In the midst of the Covid-19 pandemic, Brazilian federal government enacted Law No. 14.026/20, establishing a new regulatory framework for basic sanitation in Brazil. It is true that some 35 million Brazilians (more than 16% of the population) simply cannot stay at home and wash their hands to decrease their contamination’s risk, as they do not have piped water supply… More than that, approximately 100 million Brazilians (47%) do not have access to a treated sewage system and dispose their domestic liquid effluents in the nature. The Brazilian underdeveloped sanitation system affects the quality of life, hygiene, public expenses, health, environmental protection, but the Brazilian government has not been able to satisfy the needs of the country’s growing population.
Under the recently-enacted Law No. 14.026/20, by 2033, the residencies of 90% of the Brazilian population shall have treated water supply and sewage.
To achieve this rather ambitious goal despite the current lack of public resources, the federal government’s priority is to enhance its ongoing privatization’s trend (ie, there are already a number of privatization projects). It is true that 94% of the providers of piped water and sewage are entities controlled by state or municipal governments that have been facing financial difficulties for years. Probably for this reason, close to 20% of the current investments in sanitation come from the private entities who operate only 6% of the network.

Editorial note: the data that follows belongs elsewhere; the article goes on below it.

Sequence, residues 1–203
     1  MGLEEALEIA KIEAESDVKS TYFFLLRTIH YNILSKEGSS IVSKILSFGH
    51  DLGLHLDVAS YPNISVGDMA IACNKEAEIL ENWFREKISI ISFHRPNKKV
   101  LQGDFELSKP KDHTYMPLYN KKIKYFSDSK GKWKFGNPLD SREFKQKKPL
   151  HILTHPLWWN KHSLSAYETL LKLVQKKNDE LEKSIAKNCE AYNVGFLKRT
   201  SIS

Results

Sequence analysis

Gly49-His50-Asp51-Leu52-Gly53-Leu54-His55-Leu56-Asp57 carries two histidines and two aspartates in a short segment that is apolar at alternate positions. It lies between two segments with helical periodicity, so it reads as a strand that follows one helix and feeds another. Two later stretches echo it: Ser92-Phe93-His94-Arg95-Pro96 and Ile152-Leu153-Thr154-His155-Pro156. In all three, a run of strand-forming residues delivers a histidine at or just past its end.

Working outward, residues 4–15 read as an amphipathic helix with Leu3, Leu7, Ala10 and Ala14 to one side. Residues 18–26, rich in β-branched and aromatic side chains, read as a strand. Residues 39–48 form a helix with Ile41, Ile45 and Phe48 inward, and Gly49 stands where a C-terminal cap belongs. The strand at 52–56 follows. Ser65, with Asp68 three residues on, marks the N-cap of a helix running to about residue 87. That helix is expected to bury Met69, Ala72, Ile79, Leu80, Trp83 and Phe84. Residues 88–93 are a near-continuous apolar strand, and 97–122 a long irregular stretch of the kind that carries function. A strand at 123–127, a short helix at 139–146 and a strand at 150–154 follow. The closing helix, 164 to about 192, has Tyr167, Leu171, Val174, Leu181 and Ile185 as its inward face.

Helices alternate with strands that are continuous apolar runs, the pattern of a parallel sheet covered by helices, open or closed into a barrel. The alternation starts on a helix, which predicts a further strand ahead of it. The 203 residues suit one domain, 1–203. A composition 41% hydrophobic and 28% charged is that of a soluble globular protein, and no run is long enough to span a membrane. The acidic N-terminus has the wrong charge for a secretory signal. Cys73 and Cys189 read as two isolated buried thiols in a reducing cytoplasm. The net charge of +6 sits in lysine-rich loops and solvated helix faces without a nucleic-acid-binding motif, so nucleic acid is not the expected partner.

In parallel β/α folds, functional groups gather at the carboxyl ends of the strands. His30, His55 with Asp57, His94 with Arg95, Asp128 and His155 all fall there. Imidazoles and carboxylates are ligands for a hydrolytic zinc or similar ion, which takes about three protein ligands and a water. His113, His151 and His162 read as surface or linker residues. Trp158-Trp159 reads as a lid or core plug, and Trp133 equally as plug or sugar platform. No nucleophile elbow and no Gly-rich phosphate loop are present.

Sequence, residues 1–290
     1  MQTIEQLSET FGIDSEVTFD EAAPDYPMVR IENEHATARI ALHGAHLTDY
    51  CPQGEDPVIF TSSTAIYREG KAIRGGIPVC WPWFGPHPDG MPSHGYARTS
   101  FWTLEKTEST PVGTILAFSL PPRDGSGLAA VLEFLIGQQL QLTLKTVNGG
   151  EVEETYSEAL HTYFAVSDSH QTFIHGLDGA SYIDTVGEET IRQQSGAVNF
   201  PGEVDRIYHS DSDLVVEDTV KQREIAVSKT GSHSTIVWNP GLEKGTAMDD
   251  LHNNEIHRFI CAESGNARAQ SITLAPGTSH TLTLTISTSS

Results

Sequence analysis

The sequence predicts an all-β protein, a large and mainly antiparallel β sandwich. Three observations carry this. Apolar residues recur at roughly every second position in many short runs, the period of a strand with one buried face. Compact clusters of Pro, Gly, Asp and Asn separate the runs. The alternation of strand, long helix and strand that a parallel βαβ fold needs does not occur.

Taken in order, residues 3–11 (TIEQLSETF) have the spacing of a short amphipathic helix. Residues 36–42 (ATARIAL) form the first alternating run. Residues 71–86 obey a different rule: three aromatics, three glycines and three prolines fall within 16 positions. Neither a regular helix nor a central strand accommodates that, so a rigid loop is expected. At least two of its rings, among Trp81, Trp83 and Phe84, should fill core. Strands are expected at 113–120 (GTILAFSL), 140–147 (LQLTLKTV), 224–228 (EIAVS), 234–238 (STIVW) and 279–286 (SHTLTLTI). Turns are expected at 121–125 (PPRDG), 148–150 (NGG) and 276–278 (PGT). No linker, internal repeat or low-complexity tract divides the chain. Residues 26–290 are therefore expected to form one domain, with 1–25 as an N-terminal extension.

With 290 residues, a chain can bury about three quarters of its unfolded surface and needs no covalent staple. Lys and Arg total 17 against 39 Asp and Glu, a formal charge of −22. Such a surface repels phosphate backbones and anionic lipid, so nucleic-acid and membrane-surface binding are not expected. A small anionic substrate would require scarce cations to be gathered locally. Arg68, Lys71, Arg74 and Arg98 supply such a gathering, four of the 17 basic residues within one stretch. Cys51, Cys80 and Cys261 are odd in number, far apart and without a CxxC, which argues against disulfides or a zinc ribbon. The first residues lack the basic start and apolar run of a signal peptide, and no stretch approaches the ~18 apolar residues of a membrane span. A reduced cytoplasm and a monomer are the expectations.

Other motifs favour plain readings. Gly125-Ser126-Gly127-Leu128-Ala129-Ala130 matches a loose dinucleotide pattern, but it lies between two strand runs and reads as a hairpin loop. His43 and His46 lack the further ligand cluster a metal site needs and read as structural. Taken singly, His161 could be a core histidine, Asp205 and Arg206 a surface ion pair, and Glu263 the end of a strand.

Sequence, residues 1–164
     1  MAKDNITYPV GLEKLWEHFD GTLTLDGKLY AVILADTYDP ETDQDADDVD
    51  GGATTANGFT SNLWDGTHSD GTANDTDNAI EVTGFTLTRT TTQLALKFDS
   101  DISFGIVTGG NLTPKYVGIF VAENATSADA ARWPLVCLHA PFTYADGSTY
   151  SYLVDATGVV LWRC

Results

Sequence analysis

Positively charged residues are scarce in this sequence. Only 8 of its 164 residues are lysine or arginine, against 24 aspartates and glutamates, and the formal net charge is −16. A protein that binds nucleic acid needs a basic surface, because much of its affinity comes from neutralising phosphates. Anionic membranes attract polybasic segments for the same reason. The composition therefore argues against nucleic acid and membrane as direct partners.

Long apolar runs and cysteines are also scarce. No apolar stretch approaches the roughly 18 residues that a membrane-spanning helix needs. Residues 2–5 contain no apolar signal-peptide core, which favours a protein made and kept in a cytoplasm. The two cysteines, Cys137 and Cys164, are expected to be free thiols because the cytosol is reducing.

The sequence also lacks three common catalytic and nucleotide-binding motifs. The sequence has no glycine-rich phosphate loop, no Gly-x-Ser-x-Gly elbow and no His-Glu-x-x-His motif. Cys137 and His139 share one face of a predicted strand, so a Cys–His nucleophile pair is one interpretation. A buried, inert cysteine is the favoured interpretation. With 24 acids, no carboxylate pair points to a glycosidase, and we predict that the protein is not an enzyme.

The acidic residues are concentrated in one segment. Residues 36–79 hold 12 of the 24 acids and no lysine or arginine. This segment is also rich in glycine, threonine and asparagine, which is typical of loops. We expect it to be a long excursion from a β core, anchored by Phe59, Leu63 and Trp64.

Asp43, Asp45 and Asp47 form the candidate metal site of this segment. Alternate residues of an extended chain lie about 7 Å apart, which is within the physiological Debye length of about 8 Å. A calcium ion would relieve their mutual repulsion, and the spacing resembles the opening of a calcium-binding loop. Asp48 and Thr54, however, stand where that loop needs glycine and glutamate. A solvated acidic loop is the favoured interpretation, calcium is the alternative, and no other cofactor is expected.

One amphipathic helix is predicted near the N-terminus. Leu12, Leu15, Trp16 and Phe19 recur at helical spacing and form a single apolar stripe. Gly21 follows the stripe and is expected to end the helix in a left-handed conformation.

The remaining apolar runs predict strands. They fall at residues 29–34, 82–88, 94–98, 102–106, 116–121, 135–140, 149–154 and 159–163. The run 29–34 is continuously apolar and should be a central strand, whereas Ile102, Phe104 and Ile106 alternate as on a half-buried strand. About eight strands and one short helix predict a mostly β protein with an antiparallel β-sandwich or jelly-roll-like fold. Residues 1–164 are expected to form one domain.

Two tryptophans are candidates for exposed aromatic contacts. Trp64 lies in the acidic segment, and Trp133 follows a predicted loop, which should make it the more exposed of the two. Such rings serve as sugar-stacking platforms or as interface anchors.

The provisions of Law No. 14.025/20 eliminate the almost monopolistic dominance of state owned service providers who may face a real competition in any bid concession and may even be more subject to privatization. By increasing the competitiveness of the market and consolidating the legal scenario with more stable regulations, the Brazilian government wants to increase the number of PPPs – Public Private Partnerships – and to attract large multinational players, as well as private equity funds.
To complete its required infrastructure plan, Brazil will need investments exceeding R$700 billion until 2033. It will not be an easy task! To attract new investments, Law No. 14.025/20 strengthened drastically the ruling powers of ANA – Agência Nacional de Aguas, the Brazilian national water agency. To mitigate the instability of the legal system, with a myriad of confusing and unstable rules from different state, municipal and regional authorities, ANA was granted with powers to provide a single and uniform guidance to the sanitation system’s development in the whole country.
To avoid new investments to focus only on profitable projects, Law No. 14.025/20 determined that the targets for investments should be a combination of areas where providing sanitation service is likely to be profitable, and others where circumstances raise difficulties for financial benefits.
A number of additional rules should be shortly enacted by ANA and by regional governments following the guidelines of the new sanitation legal framework introduced by Law No. 14.025/20. In this sense, there is no doubt that these new rules will aim at improving the attractiveness of Brazil’s sanitation area for private investors from Brazil and specially from abroad.